Only a few remarkable examples of the architecture of the poor island state in the Indian Ocean have been documented. One of them is this monument in honour of the victims of the Yemenia Airways crash, which was inaug­urated on 30 June 2011 in Mitsamiouli, northern Grande Comore.

This monument, a collaboration between local architect Nadia Moussa and Mahmoud Keldi, a Paris-based French-Comoran architect, aims to commemorate the crash's French-Comoran victims.

The memorial is a tall, thin slab of reinforced concrete, shaped like an abstract sail and coated with cut volcanic stone and sheets of stainless steel, on which the names of the 153 victims were to be engraved.

One would like to see more monuments in Africa that have such a high level of abstraction.

Kempinski Seychelles Resort, Mahé Island, by DHK Architects
Photo by DHK Architects

Kempinski Seychelles Resort, Mahé Island, by DHK Architects

This project shows one of the places of longing that one would like to visit once in a lifetime. As long as you remain aware that not all places in Africa radiate this peace, and that even in the Seychelles more than 80 per cent of the population live in poverty, you can enjoy this foreign world.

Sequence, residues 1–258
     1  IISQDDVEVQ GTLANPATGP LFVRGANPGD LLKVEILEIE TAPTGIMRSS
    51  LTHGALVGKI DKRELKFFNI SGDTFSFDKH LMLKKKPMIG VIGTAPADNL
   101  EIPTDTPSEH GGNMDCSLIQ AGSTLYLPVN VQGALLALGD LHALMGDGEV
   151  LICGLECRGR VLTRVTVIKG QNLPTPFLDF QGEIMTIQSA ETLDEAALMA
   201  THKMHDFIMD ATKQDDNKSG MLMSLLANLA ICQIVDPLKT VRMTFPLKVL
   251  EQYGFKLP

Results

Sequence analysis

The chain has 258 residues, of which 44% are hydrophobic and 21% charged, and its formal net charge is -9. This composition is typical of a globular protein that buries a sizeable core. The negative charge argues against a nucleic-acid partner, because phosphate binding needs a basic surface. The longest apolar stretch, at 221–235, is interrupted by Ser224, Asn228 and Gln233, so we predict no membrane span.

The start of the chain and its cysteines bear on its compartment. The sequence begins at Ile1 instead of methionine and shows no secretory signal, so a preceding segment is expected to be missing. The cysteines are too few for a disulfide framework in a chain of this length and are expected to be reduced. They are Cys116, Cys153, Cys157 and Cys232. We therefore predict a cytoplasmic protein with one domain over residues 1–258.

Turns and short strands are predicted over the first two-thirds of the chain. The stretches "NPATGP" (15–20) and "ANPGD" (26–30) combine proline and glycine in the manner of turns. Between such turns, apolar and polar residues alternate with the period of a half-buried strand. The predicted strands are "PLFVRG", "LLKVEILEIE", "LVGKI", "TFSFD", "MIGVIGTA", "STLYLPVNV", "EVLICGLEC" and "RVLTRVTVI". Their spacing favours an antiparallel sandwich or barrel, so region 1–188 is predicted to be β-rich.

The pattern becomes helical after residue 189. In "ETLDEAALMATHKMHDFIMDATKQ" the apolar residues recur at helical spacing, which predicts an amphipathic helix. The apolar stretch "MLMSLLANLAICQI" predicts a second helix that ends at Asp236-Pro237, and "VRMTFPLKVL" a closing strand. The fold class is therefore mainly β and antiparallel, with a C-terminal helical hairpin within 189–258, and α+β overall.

Designed by the South African office, DHK Architects, the Kempinski Seychelles Resort project required that the former Plantation Club Resort and Casino on the island of Mahé be redeveloped.

Mauritius Commercial Bank, Plaines Wilhelms, by Jean Francois Koenig
Photo by Ulandi van Dyk

Mauritius Commercial Bank, Quatre Bornes, by Jean Francois Koenig

The Mauritius Commercial Bank Building, an unusual edifice with a large water basin at its foot, is located in Quatre Bornes. Constructed in 2010, the structure was designed by Jean Francois Koenig Archi­tects as an elliptical shape that rests on four travertine-­clad pillars.